Sediment Report Introduction

Although the Columbia River Basalt Group hosts the most widespread aquifers underlying the Columbia Basin Groundwater Management Area (GWMA) of central Washington, sediments overlying the basalt in parts of this region do host aquifers containing significant quantities of groundwater. Where these sediment aquifers, referred to herein as suprabasalt sediment aquifers, are present they may be several tens to hundreds of feet thick and serve as the primary water source for many individual family and small system water supply wells. Suprabasalt sediment aquifers also supply water to irrigation wells in some areas.

Columbia Basin GWMA location map.

GWMA Location map.

Places where suprabasalt sediment aquifers have the potential to yield usable quantities of groundwater, for domestic, municipal, and irrigation use, generally coincide to:

  • Larger structural basins such as the Pasco Basin and Quincy Basin, where sediments may be several hundred feet thick, contain significant sequences of sandy and gravelly strata, and be capable of yielding hundreds to more than 1000 gallons per minute (gpm) to wells.
  • Sediment filled Channeled Scabland coulees in northern Grant County, much of Adams County, and eastern Franklin County. Sediments in these coulees, deposited by very high energy Pleistocene Cataclysmic Flood waters, typically are extremely coarse and porous and may be able, at least locally if groundwater is being recharged, to produce hundreds to several thousand gpm.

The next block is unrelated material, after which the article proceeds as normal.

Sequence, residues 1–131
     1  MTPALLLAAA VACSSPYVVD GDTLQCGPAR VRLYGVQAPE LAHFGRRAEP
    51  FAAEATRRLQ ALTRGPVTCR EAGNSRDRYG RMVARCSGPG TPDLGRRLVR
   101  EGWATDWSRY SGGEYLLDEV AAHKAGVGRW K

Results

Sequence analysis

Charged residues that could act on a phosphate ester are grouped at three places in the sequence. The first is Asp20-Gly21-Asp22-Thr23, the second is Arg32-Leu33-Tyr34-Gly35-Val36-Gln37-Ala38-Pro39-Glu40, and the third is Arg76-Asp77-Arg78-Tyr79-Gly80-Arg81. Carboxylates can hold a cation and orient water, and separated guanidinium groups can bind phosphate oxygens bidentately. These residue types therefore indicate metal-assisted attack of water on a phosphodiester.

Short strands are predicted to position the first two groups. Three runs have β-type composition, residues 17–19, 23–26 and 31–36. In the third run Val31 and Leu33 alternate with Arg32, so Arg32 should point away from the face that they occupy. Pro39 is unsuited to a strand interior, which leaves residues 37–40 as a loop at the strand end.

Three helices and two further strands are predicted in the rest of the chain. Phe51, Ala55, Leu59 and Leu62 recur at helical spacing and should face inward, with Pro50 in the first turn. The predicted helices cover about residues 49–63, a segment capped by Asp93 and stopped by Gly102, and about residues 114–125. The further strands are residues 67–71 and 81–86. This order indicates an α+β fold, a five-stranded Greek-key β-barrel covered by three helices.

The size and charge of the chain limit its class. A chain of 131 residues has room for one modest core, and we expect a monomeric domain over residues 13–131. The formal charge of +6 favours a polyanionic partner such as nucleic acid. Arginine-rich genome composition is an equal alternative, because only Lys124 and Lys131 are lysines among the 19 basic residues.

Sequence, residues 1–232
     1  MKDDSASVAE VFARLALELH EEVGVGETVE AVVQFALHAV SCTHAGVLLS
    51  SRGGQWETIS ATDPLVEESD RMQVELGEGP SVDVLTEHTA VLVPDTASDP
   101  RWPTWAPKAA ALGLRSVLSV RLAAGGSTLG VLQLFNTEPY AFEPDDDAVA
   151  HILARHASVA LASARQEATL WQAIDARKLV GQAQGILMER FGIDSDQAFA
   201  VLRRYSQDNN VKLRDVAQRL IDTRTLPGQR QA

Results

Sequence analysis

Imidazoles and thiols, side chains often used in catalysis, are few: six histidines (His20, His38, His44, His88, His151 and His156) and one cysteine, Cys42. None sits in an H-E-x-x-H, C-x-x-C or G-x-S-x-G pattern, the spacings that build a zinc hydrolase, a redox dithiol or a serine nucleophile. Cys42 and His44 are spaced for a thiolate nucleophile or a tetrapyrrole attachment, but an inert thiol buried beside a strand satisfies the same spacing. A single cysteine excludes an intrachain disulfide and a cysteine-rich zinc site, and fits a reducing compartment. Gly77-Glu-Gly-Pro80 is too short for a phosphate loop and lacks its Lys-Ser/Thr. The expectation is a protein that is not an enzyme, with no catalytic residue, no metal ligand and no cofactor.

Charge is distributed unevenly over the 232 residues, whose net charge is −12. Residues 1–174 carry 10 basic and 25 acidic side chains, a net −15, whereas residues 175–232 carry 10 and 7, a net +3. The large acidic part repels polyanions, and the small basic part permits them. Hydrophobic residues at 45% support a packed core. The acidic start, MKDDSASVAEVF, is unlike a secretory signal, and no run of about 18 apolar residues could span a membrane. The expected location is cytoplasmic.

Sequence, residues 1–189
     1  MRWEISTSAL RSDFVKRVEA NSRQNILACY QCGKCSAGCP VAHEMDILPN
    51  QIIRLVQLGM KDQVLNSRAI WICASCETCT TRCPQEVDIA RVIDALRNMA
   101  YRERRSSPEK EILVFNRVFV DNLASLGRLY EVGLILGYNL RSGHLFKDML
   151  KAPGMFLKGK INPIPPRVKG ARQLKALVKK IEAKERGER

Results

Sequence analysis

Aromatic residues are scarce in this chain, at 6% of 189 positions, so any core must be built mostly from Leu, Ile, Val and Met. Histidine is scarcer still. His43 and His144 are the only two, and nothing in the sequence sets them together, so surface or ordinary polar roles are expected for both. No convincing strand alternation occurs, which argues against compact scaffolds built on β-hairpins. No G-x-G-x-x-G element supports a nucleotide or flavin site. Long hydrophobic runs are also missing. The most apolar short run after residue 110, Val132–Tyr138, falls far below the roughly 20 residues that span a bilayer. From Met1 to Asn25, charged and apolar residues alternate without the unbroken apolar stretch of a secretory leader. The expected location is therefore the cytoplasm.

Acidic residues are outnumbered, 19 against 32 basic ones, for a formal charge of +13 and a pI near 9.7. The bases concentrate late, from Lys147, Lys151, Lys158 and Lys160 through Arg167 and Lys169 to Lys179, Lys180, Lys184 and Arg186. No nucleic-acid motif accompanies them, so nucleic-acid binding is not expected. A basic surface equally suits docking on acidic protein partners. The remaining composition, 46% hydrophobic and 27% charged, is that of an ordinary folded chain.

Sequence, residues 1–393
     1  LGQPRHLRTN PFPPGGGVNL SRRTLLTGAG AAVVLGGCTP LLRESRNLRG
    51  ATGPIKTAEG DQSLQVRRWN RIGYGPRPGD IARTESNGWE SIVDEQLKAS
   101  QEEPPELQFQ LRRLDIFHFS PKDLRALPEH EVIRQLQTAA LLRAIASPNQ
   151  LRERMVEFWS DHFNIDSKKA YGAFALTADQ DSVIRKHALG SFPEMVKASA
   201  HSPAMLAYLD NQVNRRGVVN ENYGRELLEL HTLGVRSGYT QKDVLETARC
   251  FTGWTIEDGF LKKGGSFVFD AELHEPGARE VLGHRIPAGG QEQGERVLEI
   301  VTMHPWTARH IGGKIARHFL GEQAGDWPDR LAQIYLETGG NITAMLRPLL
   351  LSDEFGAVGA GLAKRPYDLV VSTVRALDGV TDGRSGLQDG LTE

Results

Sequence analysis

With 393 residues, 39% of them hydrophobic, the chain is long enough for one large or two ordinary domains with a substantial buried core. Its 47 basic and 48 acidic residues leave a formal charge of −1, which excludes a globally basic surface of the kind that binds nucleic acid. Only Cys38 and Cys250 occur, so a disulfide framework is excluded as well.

• Areas near the mouths of scabland coulees in southern Franklin County and western and north-central Grant County where irrigation is present. In these areas Pleistocene Cataclysmic Flood deposits are widespread and generally consist of thick, high porosity sand and gravel. Where this occurs it is not uncommon to see high yield (1000+ gpm) wells which have experienced little, or no, long term water level decline.

Where present, suprabasalt sediment aquifers usually are shallower than those found in the more extensive Columbia River basalt, making suprabasalt aquifers a desirable production target because of generally lower drilling and well construction costs. However, because this aquifer system is shallow it is more susceptible to potential contamination than deeper, commonly confined, basalt aquifers. Because the suprabasalt sediment aquifer system can produce significant quantities of groundwater at many locations, and at the same time be more vulnerable to contamination, a better understanding of the physical controls on suprabasalt sediment aquifer conditions is desirable for supporting future water resource planning and management activities.

This report provides the basic geologic framework upon which a better understanding of suprabasalt sediment aquifer physical conditions can be built. The basic goal of this report is to compile a series of maps, and corresponding digital files, that illustrate the subsurface distribution of the primary suprabasalt sediment lithostratigraphic units within the Adams County, Grant County, and Franklin County portion of the Columbia Basin GWMA. These maps can provide the basis for constructing subsurface three-dimensional interpretations of physical variation within the suprabasalt aquifer system, including boundaries, heterogeneity, and vertical and lateral continuity.

Data used to map subsurface suprabasalt sediment unit distribution was generated predominantly from previously compiled surface mapping, outcrop measured sections and descriptions, water well logs and other geologic well logs, and selected hydrogeologic reports.

The work described in this report was done by Kennedy/Jenks Consultants and Franklin Conservation District (FCD). The Kennedy/Jenks Consultants project team was lead by Dr. Kevin Lindsey, LHG, as the lead scientist, and included Mr. Jon Travis, Ms. Renee Hadley, Ms. Victoria Johnson, LG, and Mr. Terry Tolan, LHG. Mr. Tolan provided technical and peer review. The FCD project team was lead by Mr. Mark Nielson, district manager, and included Ms. Susan Loper who was the geographic information system (GIS) lead for the project.

Last Updated ( Sunday, 08 March 2009 )